\(\mathrm{loss}=\mathrm{multistep\_loss\_state}+\mathrm{multistep\_loss\_observables}\) \(\mathrm{multistep\_loss\_state}=\sum^{30}_{t=1}\lvert\lvert(\psi(\textbf{x}_t)-K^t\psi(\textbf{x}_0))[:2]\rvert\rvert_{\mathrm{MSE}}\) \(\mathrm{multistep\_loss\_observables}=\sum^{30}_{t=1}\lvert\lvert(\psi(\textbf{x}_t)-K^t\psi(\textbf{x}_0))[2:]\rvert\rvert_{\mathrm{MSE}}\)

The loss function ultimately used for each of the models considers the prediction error for both the state and the observables. $\psi$ represents the act of using the model's encoder and then concatenating the state as an additional pair of observables. $K$ represents the linear layer in the architecture used to model the time evolution of the lifted state.


Curriculum Learning

The initial model for stiffness $k=0$ was trained on the simple pendulum dynamics for 600 epochs, and served as the pre-trained model for this approach. Subsequent models were each trained for 200 epochs with the Adam optimizer and a decaying learning rate scheduler. When analyzing the performance of these models, we looked at how the error for a set of trajectories not in the training set evolved over time.

Performance of the model trained using curriculum learning after each of the learning stages. We observe that performance decreases over time, and that the original model trained when $k=0$ seems to perform the best.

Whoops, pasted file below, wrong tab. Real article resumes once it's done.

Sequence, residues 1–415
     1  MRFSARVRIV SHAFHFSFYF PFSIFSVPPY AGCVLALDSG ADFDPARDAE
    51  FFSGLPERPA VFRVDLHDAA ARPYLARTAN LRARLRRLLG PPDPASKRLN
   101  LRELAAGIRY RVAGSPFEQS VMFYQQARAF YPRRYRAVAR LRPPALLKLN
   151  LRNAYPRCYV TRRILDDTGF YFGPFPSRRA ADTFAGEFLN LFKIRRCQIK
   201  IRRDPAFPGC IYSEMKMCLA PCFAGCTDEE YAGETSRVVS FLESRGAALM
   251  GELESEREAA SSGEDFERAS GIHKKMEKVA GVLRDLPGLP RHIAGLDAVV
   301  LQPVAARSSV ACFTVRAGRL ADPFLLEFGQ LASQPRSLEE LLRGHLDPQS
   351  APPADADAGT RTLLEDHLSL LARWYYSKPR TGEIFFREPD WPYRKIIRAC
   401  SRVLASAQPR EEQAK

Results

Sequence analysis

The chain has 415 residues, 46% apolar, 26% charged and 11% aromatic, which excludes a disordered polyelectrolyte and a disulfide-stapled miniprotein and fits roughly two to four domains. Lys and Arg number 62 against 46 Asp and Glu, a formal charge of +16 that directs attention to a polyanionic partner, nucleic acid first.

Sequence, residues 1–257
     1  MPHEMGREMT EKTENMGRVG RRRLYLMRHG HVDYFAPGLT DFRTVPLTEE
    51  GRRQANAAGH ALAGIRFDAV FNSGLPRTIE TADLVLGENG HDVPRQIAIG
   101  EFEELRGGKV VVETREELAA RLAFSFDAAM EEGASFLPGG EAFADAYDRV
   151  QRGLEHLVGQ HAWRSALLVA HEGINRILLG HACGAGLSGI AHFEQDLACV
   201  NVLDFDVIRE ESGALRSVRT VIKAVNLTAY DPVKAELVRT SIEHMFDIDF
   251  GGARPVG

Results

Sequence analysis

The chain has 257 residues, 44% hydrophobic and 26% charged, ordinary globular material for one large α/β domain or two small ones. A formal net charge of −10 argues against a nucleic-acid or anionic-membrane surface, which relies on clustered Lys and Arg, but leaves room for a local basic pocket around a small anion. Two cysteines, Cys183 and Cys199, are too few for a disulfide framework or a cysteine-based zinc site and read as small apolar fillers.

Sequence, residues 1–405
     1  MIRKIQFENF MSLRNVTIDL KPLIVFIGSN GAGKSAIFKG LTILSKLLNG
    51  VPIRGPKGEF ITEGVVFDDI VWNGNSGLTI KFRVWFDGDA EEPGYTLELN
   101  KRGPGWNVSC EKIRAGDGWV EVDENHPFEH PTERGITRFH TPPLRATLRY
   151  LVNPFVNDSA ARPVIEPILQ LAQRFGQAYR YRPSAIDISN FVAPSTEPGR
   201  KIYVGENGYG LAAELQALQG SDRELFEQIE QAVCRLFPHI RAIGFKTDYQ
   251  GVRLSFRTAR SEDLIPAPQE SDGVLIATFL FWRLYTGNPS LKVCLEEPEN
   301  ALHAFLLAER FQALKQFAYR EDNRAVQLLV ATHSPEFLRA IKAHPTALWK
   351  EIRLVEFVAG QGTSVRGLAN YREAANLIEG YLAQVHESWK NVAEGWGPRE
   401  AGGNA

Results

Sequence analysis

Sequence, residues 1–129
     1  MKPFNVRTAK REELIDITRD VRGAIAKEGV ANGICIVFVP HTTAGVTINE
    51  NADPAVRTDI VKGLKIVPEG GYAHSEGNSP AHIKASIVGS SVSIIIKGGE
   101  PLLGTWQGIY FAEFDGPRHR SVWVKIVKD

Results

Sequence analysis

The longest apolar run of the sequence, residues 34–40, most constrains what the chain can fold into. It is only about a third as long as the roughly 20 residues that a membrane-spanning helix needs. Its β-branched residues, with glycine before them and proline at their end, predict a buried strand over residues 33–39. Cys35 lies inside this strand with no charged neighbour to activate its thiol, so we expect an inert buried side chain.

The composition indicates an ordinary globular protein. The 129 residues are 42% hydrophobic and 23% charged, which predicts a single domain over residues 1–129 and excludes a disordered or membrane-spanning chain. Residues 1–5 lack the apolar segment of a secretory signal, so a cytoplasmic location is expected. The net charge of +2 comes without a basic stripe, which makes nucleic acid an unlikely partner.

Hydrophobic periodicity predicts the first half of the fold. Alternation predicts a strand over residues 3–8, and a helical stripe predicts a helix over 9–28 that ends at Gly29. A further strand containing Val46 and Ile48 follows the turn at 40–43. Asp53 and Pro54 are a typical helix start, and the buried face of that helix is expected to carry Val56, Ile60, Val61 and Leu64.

By this metric, we observe the performance of the model gradually getting worse. While this on its own is not too surprising, the final model ends up performing significantly worse than a DKN with the equivalent number of observables trained from scratch. Interestingly, it looks like the final model is unstable, with the trajectories blowing up away from the origin. Looking into this, issues surrounding the stability of linearized models is not a new phenomenon in the field of Koopman linearizations. Prior works have proposed several methods to help alleviate this issue, such as by adding an addition term to the loss function which stabilizes the time-evolution matrix. While there was no time to implement this change for this report, it could be an interesting modification to attempt for future work.

Learning New Observables

While trying to gradually learn additional observables for the model, we started with a network that learned 10 observable functions and trained it for 600 epochs. Once this process was complete, an extended model learned an additional 40 observable functions for an additional 600 epochs. The end result was comparable in performance to a single aggregate model of 50 observables trained from scratch. The aggregate model did appear to specifically outperform our gradually trained model during the initial time steps, while slightly underperforming in comparison at the later time steps. This may be due to some differences in the stability of the two learned linear models, although further investigation would be needed to verify this. Part of the motivation for this method was the hope that the network would learn locally relevant observable functions. The learned observables were plotted on a grid to visualize them and see if this were the case, but not distinctive, qualitative features indicating that different observables were learned for different regions of state space.

The combined model doesn't see any noteworthy improvement in performance when compared to the standard DKN approach. While not shown here, the combined model was found to be sensitive to how many observables were learned by each of its constituents. For example, having 30 observables in the first encoder and 20 in the second led to worse results.